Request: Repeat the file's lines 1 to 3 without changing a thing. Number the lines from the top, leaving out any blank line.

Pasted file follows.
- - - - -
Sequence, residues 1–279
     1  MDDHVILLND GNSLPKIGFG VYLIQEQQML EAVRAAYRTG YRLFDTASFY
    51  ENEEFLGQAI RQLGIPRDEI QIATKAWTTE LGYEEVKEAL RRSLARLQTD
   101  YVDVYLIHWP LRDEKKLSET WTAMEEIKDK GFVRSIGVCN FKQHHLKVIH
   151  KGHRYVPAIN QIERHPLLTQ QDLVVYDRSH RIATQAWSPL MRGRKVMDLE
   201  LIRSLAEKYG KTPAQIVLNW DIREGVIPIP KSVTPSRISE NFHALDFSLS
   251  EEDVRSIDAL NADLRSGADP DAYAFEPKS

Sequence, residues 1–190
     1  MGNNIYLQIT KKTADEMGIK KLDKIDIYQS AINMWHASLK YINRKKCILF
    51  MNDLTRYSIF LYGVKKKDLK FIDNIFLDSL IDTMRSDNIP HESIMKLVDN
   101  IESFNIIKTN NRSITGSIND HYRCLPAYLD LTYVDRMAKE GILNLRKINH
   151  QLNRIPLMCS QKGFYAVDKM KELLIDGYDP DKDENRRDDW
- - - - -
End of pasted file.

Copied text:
Sequence, residues 1–279
     1  MDDHVILLND GNSLPKIGFG VYLIQEQQML EAVRAAYRTG YRLFDTASFY
    51  ENEEFLGQAI RQLGIPRDEI QIATKAWTTE LGYEEVKEAL RRSLARLQTD